You keep saying that you would be proud of me if you were my mother, which kind of breaks my heart because the only reason you are able to say that is precisely because you're NOT. You're not, and you probably wouldn't have raised someone like me in the first place.

You've said more nice things to me in the five months that you have known me than my mum has said to me during my whole life, and that terrifies me, because it's probably all completely meaningless. I'm just a student you are trying to help, which makes the imbalance even worse, and it really shouldn't be the case, but it is, and it sucks. Why can't you just be mean so I don't have to worry about any of this?

If your goal has been to make transference happen, then congratulations: you've succeeded.

And now I need it to stop. Now I need you to be honest with me about how much I really suck, and what an enormous failure I actually am. You can't be nice to me anymore. You just can't."




Wednesday July 8th

"I'm so frustrated with myself.

A crack has opened up for this pathetic little part of me that needs some sort of affection, whether real or imagined, and it is now getting in the way of the rational part of me, preventing it from being efficient; keeping me from being productive. Basically, this pathetic tiny part needs to shut the fuck up. It ruins everything. It mustn't be allowed to have a say in anything, ever, because it's nothing but a stupid nuisance that serves no real purpose whatsoever.

Pathetic little part of self just wants to sit around and pathetically pine for real affection, which is not something I'm going to get from an academic mentor. That isn't real, it's just an illusion, and it needs to end.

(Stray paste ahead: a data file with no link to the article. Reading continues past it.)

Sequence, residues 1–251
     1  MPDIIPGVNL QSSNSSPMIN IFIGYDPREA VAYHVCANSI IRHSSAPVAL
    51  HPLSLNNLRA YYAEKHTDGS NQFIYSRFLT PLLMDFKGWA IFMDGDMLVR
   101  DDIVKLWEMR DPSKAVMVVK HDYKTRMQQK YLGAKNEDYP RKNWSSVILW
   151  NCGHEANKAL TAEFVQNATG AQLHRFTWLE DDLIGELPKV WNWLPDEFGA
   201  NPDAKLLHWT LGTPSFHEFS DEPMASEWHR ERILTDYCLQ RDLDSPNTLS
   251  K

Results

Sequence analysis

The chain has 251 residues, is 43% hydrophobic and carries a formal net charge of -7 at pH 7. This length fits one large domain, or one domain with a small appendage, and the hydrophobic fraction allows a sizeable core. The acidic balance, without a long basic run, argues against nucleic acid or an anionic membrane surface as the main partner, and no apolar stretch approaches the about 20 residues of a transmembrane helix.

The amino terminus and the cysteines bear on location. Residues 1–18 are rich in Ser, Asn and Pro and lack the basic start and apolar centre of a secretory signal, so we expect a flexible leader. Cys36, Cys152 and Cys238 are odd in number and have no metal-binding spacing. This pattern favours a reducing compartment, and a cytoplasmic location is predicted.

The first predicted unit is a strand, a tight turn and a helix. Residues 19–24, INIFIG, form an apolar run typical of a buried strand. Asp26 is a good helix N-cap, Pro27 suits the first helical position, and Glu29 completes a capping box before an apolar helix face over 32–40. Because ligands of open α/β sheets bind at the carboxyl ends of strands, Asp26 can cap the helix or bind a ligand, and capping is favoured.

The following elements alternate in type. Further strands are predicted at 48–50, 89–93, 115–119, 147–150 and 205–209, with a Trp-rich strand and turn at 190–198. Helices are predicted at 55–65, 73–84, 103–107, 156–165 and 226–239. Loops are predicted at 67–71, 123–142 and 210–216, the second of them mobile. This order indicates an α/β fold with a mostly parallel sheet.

It's always better when the bubble bursts."




Thursday July 9th

"The mystery of my mentoring situation is fucking with my head.

On several occasions, my mentor has told me that she feels she has been “mean” to me, by pushing me to talk about, and reflect upon, my severe emotional struggles. She has told me that she knows she is challenging me a lot, but she does it because she thinks I can handle it. And while it has most certainly been challenging, I would never refer to her behaviour as “mean”.

My mentor is never mean. She is overly nice. She is too gentle - too “nurturing” - to qualify as “mean” by any definition of the word. There doesn't seem to be a mean bone in her body.

This is actually part of the problem for me.

I need mean. I need harsh criticism. It's how I operate - how I get shit done. Lately, however, there has been a lack of “active criticism” in my life. I used to get it from my parents when I was younger, but I don't anymore (it's mostly passive now); I also used to get it from myself when I was undiagnosed and horribly depressed, and then my level of self-hatred would eventually reach a point where it pushed me to do my work, telling myself, “Just do the work, you useless piece of shit! No one cares about you! Stop being such a horrible waste of space and such an enormous disappointment to those around you and just DO THE WORK. GET IT DONE.” But nowadays I don't get this kind of harsh “active criticism” from anyone, which has resulted in very little progress when it comes to my university work. And my mentor's version of “mean” is all about pushing me to realise how much I abuse myself.

I fear it is too late to do anything about that, though, because she has now established herself as this kind and caring figure in my life, which I have tried, but failed, to reject. In fact, it has actually awakened this sad, pathetic part inside of me that now actually wants it, and this makes me so angry because I feel helpless about it. I think the abusive, bossy part of me is beginning to resign, and that CANNOT HAPPEN. I am at a critical junction right now, and I need to go in a direction that somehow halts the development of this “pathetic self” before it gets out of control.